Who knew there were multiple ways to prepare ham? Browse through these recipes (and backup plans) as you prepare for your holiday meals.
Ham, glorious ham! Many holiday tables will be graced with the delectable main dish enjoyed by people around the world. A ham is well complemented by scalloped potatoes, asparagus, a fruit salad, and rolls.
Packaged ham comes with preparation instructions. Be sure to pay attention to the cook-time and whether the ham is fully cooked (and needs to be simply reheated) or uncooked (and needs to come fully to an internal temperature). It's recommended that you prepare ham (cooking or reheating) to a full internal temperature of at least 145 degrees. Otherwise, the ham can contain bacteria causing food-borne illness.
However you prepare your ham, you may want to be prepared to drink extra water as ham tends to dehydrate consumers. Foods rich in protein (really all meats) tend to dehydrate. And cured meats, like ham, can dehydrate you even further with the added sodium during the curing process.
Bake Ham in the Oven
Baking ham in the oven is the most common way to prepare a ham. Cooks enjoy the process of planning a holiday meal and scheduling oven time for ham and sides.
With the ham in the oven, you're able to watch the progress of the ham as you also insert and take out other side items. Here's a classic way to bake a ham in the oven:
Cook Ham in the Instant Pot
Instant Pots (or pressure cookers) have become quite popular in recent years. With various sizes of pressure cookers available, you may want to check the size of your ham before deciding on this option.
Pressure cookers are fantastic appliances to cook foods quickly. Be sure to estimate the time for your Instant Pot to come up to pressure (at least 15 minutes) and release pressure (varies depending on manual or natural release) as well as the actual cook time.
Prepare Ham in the Crockpot
Using a small appliance to prepare your ham will give you more space in your oven for side dishes. A crockpot is a common appliance in many households. The slow cooking method retains juices and cooks your ham to perfection.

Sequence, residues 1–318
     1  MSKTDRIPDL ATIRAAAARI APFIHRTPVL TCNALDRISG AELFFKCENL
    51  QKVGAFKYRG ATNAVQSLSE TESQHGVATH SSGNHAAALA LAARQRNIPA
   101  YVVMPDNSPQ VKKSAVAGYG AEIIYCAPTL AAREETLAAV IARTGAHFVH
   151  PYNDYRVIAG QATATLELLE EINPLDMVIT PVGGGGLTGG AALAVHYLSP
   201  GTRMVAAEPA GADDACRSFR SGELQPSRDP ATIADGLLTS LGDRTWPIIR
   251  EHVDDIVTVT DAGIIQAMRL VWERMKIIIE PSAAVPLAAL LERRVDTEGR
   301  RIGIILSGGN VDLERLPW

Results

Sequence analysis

While many recipes start with spraying your crockpot with nonstick cooking spray, that shouldn't be necessary when cooking a ham. The ham has natural juices that will be released as it cooks, helping the ham to not stick to the sides of your crockpot.
Cook Ham in a Roaster
This is a solid option that will have similar results as baking your ham in the oven. Though using a smaller appliance will free up space in your oven. You'll just set the internal temperature of your roaster, just like you would preheat your oven.
I like using my roaster in the garage. While that might sound strange, it not only frees up space in my oven. It also frees up space on my counters for other food preparation.
Ham Glaze Recipe
Many hams come with a packet of ingredients to prepare a sweet glaze. While this works well, I have to admit I totally botched it one year. I still don't know what happened as I attempted to follow the directions. My only guess is I overcooked it. The glaze became separated and gloppy (totally a real word), and I had to throw it out.
Even if grocery stores were open, I'm not a fan of shopping on a holiday. With little warning, I had to quickly come up with and implement a backup plan. A quick search landed me a recipe that called for everyday ingredients and, may I say, tasted even better than the packet glaze that came with the ham.
Give it a try ... whether this is your Plan A or Plan B glaze for your holiday meal.
How will you prepare a ham for the holidays? Share in the comments below.